Like a night club magician uses slight of hand to fool his audience, our brains play mischievous tricks on us—no top hat or wand required. The magic word is not “abracadabra,” or “alakazam,” though. It’s a French term, actually: déjà vu. You’ve probably experienced it before, walking through the park, having a conversation, or plugging away at work, when—all of the sudden—a poignant feeling of familiarity strikes, yet you know the present moment to be original. How does the mind dupe us so easily? Well, neurologists are still trying to figure that out.
Meet the Experts: Dale Bredesen, M.D., neuroscience researcher and neurodegenerative disease expert in Novato, California and Meredith Broderick, M.D., a sleep neurologist and member of Ozlo Sleep’s medical advisory board.
So what is déjà vu, really? Here’s what we know, according to experts.
What is déjà vu?
In French, déjà vu literally means “previously viewed,” explains Dale Bredesen, M.D., neuroscience researcher and neurodegenerative disease expert in Novato, California. Medically, it refers to a feeling of familiarity with a scene or event that you know you actually haven't experienced, despite feeling as if you have, Bredesen adds. “In other words, it is a false feeling of familiarity,” he says. Around 97% of people have experienced deja vu at least once in their lives.
What does déjà vu feel like?
“Part of your brain’s memory capability is to distinguish novel situations from recognized ones,” Dr. Bredesen explains, such as the ability to tell a familiar path home from one you’ve never taken. Déjà vu interrupts that ability, and that learned feeling of familiarity is wrongly triggered by an unfamiliar stimulus. “But you still feel that wave of recognition, just as you would on a familiar path,” adds Bredesen. “It is often confusing, because you then start to look around and realize that, although it feels as if you’ve been here before, you can’t remember when or under what circumstances.”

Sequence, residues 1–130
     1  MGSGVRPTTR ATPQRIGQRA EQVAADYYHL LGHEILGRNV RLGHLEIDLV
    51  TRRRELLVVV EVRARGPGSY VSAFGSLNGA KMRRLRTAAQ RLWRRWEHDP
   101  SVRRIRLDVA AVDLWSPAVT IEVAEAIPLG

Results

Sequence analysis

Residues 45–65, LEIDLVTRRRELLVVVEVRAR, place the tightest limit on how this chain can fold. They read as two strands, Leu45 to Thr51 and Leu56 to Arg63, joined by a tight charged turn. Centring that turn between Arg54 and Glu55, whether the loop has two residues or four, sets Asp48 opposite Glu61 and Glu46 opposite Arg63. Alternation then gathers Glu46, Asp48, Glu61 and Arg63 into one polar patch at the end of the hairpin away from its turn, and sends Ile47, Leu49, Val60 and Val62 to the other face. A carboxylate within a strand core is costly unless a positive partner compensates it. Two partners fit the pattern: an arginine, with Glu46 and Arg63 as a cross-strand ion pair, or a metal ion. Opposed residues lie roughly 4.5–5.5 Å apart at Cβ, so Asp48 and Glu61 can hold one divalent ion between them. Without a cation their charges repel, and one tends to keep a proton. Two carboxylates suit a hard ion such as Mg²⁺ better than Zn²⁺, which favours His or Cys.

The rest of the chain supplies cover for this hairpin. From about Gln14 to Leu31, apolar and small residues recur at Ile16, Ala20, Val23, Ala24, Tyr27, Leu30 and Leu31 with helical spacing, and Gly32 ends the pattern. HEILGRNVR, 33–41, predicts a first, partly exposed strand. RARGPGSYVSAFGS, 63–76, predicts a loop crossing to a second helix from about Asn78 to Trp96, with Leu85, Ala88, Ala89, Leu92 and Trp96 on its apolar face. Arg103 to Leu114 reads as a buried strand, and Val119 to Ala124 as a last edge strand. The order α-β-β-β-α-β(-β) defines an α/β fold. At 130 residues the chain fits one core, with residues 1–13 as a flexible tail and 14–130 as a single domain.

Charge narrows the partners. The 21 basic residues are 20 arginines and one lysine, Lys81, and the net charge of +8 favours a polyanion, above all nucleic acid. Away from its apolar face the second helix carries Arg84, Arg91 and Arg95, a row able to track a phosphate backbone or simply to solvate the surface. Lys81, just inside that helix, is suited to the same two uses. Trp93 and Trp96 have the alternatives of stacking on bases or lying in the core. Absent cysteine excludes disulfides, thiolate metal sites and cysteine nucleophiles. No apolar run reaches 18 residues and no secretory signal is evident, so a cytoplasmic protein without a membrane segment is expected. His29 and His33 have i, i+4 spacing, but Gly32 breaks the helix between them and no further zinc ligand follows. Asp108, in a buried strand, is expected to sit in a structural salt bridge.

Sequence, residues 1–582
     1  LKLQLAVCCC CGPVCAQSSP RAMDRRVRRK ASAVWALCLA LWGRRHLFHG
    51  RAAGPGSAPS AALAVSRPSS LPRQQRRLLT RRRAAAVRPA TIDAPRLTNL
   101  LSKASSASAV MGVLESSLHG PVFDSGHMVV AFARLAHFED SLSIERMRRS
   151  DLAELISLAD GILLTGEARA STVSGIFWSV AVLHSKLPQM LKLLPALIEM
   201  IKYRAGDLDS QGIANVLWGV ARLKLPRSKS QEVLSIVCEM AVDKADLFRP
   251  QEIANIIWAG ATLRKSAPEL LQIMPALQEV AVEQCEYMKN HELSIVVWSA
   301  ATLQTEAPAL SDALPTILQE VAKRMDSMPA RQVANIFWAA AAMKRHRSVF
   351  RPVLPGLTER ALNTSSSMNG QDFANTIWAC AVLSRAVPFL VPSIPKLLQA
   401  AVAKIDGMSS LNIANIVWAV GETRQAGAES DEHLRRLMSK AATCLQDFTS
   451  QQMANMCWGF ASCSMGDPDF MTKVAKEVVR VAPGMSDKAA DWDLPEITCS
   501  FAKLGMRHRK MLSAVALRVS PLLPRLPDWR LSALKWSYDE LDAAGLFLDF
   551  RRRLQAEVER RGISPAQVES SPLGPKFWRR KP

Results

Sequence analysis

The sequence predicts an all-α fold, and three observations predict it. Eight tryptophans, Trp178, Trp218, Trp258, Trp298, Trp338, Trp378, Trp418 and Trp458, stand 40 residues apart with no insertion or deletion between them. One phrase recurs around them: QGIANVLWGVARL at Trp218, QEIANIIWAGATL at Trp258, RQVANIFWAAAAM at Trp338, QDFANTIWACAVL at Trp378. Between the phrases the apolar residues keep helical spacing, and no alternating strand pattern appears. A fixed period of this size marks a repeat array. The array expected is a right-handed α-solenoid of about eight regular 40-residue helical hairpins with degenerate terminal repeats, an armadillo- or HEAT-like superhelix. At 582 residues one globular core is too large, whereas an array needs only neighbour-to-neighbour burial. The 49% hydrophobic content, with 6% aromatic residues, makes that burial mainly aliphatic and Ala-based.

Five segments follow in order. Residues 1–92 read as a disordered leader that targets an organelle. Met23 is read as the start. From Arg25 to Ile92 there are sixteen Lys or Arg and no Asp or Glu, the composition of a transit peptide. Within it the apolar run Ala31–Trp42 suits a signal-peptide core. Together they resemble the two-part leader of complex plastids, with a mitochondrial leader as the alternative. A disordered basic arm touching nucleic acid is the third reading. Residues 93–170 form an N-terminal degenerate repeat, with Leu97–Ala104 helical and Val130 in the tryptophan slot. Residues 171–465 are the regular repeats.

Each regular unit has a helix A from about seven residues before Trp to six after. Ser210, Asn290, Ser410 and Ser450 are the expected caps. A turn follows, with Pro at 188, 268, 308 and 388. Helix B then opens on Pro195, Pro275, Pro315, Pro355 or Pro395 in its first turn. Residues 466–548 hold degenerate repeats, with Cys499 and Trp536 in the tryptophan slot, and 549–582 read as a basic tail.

Meredith Broderick, M.D., a sleep neurologist and member of Ozlo Sleep’s medical advisory board adds that some people described déjà vu as recognizing a situation, “but also a feeling that it’s not possible.”
Types of déjà vu
While the term déjà vu is used to generally describe the sensation of false familiarity, according to Déjà Experience Research, there are more specific terms to describe various types of déjà vu that encounter different senses or actions, like:
Déjà entendu: already heard
Déjà éprouvé: already tried or attempted
Déjà fait: already done
Déjà pensé: already thought
Déjà raconté: already recounted or told
Déjà senti: already felt emotionally
Déjà su: already known intelectually
Déjà trouvé: already met
Déjà vécu: already lived through
Déjà voulu: already wanted
Déjà vu causes
Experts haven’t quite nailed down the mechanism that causes “common” cases of déjà vu, Dr. Broderick says, but they appear to be linked to a false activation, or inappropriate “neuronal firing” within the brain’s temporal lobe, Dr. Bredesen explains—specifically, within the hippocampus, “a seahorse-shaped part of the brain that is involved in memory,” he adds. This misfiring can be caused by stress, lack of sleep, and some medications like benzodiazepines.
In more serious cases, frequent episodes of déjà vu have been linked to head trauma, brain tumors, dementia, and seizures as a sign of temporal lobe epilepsy, Dr. Broderick says.
When to see a doctor about déjà vu
“Having déjà vu occasionally—a few times a year—is not cause for concern, but having it frequently, or having it accompanied by other symptoms such as headache, shaking, or confusion or loss of awareness, means that there may be an underlying problem, and therefore you should be evaluated by a neurologist,” says Dr. Bredesen.
Dr. Broderick adds that seizure-related déjà vu, specifically, is often longer lasting and might come with out-of-body feelings and hallucinations, which is a definite red flag to seek help.
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